One of the incident reports concludes with a note that another law enforcement agency in New Jersey contacted the Polk County Sheriff’s office and relayed similar experiences with Naughright. The New Jersey agency requested that Naughright be instructed “to stop calling their agency and making false accusations.”
None of this means Naughright didn’t experience sexual harassment in 1996. But it does mean she is not an ideal witness in 2016, though it’s not politically correct to say so.
The Tennessee lawsuit is a critical one, too important to saddle with the Manning-Naughright mess. Anyone who has followed the athlete-sexual-assault cases at Florida State, Tennessee, Notre Dame or Baylor is sick to death of reports of college administrations sheltering athletes from consequences, using in-house “fixers” to dispose of accusations and generally interfering with due process. Whether the Tennessee plaintiffs win or lose, they at least have put every NCAA school on notice that female students have found a weighty new legal tool with which to fight coverups.
But the case also is worth watching because it contains a larger and vital question about whether a Title IX lawsuit is the long-term solution for obtaining justice in campus sexual assault cases. The Obama administration believes so; the Education Department’s Office for Civil Rights is investigating 124 universities for possible Title IX violations in how they handled reports of assaults against women. But is government pressure on campus administrations to become more active in these cases really the right thing?
Emily Yoffe at Slate argues we are in the midst of an “overcorrection” and actually need fewer attempts at cloistered “university justice” and more pure law enforcement. “Rather than creating a separate [and unfair] system of justice, we should ensure the safety of college students the same way we ensure the safety of those who aren’t in college,” she writes.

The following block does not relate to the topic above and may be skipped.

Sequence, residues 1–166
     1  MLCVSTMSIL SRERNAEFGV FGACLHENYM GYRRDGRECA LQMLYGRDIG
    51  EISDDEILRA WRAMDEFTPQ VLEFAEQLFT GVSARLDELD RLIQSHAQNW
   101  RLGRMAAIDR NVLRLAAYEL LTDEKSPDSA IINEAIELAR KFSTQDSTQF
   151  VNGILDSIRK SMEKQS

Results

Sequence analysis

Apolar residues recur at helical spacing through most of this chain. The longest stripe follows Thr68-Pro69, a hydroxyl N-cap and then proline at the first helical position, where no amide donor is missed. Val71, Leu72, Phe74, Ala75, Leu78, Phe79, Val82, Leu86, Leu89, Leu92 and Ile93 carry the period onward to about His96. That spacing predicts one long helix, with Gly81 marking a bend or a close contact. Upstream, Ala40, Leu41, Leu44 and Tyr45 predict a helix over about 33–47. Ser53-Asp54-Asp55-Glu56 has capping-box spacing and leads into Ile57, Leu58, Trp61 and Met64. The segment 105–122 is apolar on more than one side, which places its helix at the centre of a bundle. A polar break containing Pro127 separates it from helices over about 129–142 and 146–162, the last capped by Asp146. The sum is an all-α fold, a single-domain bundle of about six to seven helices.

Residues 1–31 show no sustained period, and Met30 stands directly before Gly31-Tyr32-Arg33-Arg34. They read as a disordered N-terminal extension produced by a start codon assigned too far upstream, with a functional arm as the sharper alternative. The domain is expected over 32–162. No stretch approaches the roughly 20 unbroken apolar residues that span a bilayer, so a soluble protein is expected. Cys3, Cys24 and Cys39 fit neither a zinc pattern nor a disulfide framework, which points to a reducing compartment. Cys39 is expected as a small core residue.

Hoover Institute Fellow Peter Berkowitz reaches the same conclusion from another angle. “Our universities have dismantled due process to serve what they regard as a higher conception of social justice” for young women, he contends. Which can lead to botched investigations and unfair backlash, as we learned from the Duke lacrosse case in 2006 and Rolling Stone’s discredited story of a fraternity gang rape at Virginia. Berkowitz believes campus officials are simply the wrong people to handle these cases. They don’t have the wherewithal, and their motivation is often to insulate themselves from liability, not to determine what likely happened.
But it’s not a perfect solution to strip their power to punish and leave it strictly to police and prosecutors, with the burden of criminal proof. All sexual assault claims are difficult, and those involving athletes can be especially charged and fraught with dispute, a tendency to alternately protect and overcorrect. That’s at least one reason to ensure overzealous athletic staff stay out of them.
Yet to say that the strict legal system is the only avenue might leave victims living on campus with attackers, without a important avenue to redress. The Tennessee case is a needed experiment in trying to achieve some legal clarity — the kind it would have been useful to have on Manning.
For more by Sally Jenkins, visit washingtonpost.com/jenkins.